In the run up to Christmas, it's easy to see why people like the idea of things fitting neatly into boxes so much. Nice, uniform boxes are far easier to wrap and look pretty and organised under the tree. But boxes also disguise the contours of whatever's inside, leaving it flat and featureless. Unfortunately, we're guilty of doing the same in the way we represent historically and culturally significant people.

People who don't fall into privileged identity categories - male, able-bodied, white, to name a few - already suffer from under-representation. UN figures show that only around 1 in 4 people heard or read about in the news are women. And, even when their stories are told, they are too often presented as one-dimensional. Helen Keller was a deaf-blind pioneer; Mabel Normand was a glamourous silent film star; Rosa May Billinghurst was a suffragette. 

Of course, all of these things are important - but they are not the only important thing about each of those women. Described like that, each of these extraordinary, unique people fit nicely into a box. We have inspiring soundbites that can be paraded whenever we need an example of courage, or overcoming the odds, or - indeed - inspiring women. But we lose so much of the narrative. 

May Billinghurst (as she preferred to be known) was not a suffragette I knew much about, I have to admit. But, after reading about her in this article, I wish she'd been part of the narrative we were taught at school. Partially paralysed by polio as a child, May was wheelchair-bound, and used this to her advantage in fighting for women's rights. Given the nickname "the cripple suffragette", she hid bricks in her wheelchair to smash windows with and rammed into policemen's shins when they surrounded protests. Her story is remarkable, inspiring, and complex. 

This complexity is so important - but so frequently ignored. As a society, we're fond of co-opting historical figures into whatever narrative we happen to be telling - even if this means simplifying them almost beyond recognition. One example that sprung to mind when I read this article was to do with ancient history.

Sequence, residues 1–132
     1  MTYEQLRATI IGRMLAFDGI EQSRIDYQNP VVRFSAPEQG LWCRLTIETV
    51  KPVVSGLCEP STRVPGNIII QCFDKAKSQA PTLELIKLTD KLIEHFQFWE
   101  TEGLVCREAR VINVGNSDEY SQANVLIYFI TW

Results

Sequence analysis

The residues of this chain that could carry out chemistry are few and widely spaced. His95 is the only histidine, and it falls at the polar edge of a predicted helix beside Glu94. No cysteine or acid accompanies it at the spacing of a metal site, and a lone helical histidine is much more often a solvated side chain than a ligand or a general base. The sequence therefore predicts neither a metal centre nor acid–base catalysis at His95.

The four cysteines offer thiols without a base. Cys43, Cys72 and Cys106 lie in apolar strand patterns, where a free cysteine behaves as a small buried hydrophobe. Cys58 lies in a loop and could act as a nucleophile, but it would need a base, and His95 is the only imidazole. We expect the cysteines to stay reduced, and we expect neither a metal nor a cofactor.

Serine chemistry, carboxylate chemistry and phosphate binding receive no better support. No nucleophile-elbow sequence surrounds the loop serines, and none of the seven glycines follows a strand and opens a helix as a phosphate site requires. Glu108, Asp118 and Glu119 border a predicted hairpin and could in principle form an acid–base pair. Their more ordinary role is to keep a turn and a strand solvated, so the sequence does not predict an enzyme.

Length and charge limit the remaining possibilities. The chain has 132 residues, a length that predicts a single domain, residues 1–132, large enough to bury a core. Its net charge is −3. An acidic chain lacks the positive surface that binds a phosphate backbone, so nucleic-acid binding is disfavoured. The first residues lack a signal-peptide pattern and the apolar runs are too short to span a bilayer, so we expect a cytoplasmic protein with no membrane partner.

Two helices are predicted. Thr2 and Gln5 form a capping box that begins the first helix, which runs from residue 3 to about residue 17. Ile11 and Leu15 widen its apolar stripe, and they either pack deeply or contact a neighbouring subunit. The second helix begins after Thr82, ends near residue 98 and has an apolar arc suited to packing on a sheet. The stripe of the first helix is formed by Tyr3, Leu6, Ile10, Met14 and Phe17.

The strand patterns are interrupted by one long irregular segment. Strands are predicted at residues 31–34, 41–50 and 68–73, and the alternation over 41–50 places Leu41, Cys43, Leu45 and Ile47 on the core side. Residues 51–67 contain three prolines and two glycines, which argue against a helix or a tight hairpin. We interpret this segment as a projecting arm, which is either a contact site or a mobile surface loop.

What's the first thing you think of when I mention Cleopatra? For many, it's her beauty, which is emphasised time and again in history and literature. However, Greek philosopher and historian Plutarch wrote that "her beauty… was in itself not altogether incomparable, nor such as to strike those who saw her”. Cleopatra was the last ruler of the Ptolemaic Kingdom, the only ruler to learn the Egyptian language, a chief religious authority, and an absolute monarch who successfully tackled famine in her territories. So why does a potentially inaccurate portrayal of her beauty and sexual allure dominate the way she is represented? 

We need these incredible, unique stories of multi-faceted individuals at their most complicated. Neutral, sanitised stories are easy to package up, but at a huge cost to the richness of our history. We will never truly be able to understand the most important moments of our past without approaching them intersectionally, with all the messiness that entails. When we learn about Helen Keller as a deaf-blind activist and also as a member of the Industrial Workers of the World, we give her life the complexity it deserves, rather than flattening her identity.

After all, isn't it more interesting to see a weirdly-shaped present under the tree? Choose messy and complicated over neat and organised - smash the box.